Having trouble finding a landlord willing to rent to you? It may be thanks to the tenant-screening companies that pull renters’ credit history, criminal records, eviction filings and more to present their risk to property owners — sometimes including erroneous or out-of-context data in the process.
The tenant-screening services, which larger corporate landlords may rely on more, have made an already competitive process of apartment hunting even more difficult for renters who receive a negative report based on potentially nebulous, hard-to-dispute criteria, according to two recent reports from the Consumer Financial Protection Bureau (CFPB).
And they’re increasingly being offered as a part of property-management platforms to landlords and property managers, with would-be tenants paying for the screenings through application fees.
“When a company produces a tenant background check report that is riddled with errors, it can cause serious harm to a family seeking housing,” CFPB Director Rohit Chopra said in a statement about the reports earlier this month. “These background reports are heavily used by corporate landlords that own an increasing share of rental housing in our country, so we are taking steps to ensure these reports do not contain false information.”
One of the CFPB’s reports charges that tenant-screening companies often over-include certain kinds of data, like criminal and eviction records, and underinvest in the procedures needed to filter out inaccurate or outdated information.
As far as what legislators and regulators can do about it, Sophie Sahaf, a policy advisor at the CFPB, said: “Make these background screeners do their job. They’re required to have adequate quality-control procedures.”
“A first basic goal is: Don’t put sloppy, bad, false data into these reports,” Sahaf said in an interview with MarketWatch.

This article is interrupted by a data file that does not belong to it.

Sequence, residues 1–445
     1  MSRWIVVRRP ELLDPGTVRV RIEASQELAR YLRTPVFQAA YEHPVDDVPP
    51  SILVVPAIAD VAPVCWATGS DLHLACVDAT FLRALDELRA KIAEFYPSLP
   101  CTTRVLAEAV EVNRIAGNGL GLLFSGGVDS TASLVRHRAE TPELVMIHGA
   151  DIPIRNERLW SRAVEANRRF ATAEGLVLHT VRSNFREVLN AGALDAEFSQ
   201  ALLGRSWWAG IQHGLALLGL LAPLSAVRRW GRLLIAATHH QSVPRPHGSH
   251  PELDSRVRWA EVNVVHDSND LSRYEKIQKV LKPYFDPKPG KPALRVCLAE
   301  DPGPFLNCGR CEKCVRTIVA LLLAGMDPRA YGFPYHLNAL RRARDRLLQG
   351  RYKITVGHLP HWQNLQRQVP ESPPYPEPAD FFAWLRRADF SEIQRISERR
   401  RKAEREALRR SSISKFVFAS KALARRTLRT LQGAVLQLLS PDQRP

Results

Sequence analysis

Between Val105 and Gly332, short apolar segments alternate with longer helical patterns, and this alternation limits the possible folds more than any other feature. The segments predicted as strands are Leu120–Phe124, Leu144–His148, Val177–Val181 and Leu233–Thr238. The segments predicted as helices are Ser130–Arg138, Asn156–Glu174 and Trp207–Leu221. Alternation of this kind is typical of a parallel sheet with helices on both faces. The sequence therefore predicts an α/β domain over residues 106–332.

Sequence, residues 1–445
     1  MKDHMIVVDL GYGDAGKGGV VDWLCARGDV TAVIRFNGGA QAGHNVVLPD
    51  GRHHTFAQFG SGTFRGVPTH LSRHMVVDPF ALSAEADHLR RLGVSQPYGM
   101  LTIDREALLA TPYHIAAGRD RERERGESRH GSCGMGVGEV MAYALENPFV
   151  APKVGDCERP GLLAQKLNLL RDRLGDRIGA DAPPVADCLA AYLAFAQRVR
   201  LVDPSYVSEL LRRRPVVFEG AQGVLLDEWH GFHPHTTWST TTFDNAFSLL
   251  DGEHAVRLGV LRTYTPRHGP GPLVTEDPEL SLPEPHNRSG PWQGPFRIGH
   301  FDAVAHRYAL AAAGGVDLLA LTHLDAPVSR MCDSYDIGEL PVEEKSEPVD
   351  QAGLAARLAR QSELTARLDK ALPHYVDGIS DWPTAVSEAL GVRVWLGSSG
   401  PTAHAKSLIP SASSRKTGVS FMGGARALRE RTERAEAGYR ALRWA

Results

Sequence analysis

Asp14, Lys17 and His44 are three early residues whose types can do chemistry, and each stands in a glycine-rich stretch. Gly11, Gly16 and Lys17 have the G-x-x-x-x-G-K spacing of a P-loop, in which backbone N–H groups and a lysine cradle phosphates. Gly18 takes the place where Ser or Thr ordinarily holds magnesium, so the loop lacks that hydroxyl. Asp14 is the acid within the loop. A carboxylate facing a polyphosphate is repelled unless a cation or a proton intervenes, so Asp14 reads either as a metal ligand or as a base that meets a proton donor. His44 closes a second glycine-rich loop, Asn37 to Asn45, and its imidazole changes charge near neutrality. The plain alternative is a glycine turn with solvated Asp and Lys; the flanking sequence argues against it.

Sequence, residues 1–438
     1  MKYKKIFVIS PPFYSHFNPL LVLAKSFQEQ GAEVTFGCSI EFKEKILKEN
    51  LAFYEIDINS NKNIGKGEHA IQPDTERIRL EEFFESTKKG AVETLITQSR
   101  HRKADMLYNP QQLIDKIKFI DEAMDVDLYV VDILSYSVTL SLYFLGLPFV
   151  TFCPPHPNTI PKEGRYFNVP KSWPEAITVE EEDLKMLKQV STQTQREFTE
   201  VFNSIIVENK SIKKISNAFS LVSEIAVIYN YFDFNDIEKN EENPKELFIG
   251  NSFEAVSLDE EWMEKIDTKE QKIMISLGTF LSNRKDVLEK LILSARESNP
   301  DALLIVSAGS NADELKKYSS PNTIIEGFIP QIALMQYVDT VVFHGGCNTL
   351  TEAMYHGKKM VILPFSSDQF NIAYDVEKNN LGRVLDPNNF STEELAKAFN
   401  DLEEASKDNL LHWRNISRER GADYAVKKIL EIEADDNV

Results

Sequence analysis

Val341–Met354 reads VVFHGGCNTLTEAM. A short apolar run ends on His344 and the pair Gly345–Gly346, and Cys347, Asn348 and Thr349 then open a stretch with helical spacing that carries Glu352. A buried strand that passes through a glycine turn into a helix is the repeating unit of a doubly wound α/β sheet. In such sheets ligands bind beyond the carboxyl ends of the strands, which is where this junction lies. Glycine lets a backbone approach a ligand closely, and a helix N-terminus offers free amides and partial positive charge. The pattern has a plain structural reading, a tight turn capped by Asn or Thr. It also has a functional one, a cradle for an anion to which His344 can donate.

The screenings can be as limited as a credit check and as expansive as a report on a tenant’s credit history, rental history, civil and criminal court records, and an assigned risk “score” based on the landlord’s own criteria or a company’s proprietary algorithms, among other determinants, Sahaf said.
But while they’re ultimately meant to protect landlords’ properties and pocketbooks, they’re also often based on information from third-party data brokers that compile public court records — including those with documented errors — and can’t always account for the complexities found within them, according to the CFPB.
“‘It can sort of feel like a Sisyphean battle to correct the errors as a renter.’”
— Sophie Sahaf, a policy advisor at the CFPB
An eviction filing, for example, may show up in a background check, but a filing only reflects the beginning of the removal process. The outcome of the eviction case, or even whether it was dismissed, might not show up in the report. Eviction cases that have been sealed or expunged have also allegedly cropped up in private databases and tenant background checks, and a single eviction record may appear as several different filings, Sahaf said.
“We’ve just been hearing a lot from people that there’s a mischaracterization of their eviction or other court record history, and I think it’s because there’s so much nuance there, and I think that can get lost,” Sahaf said.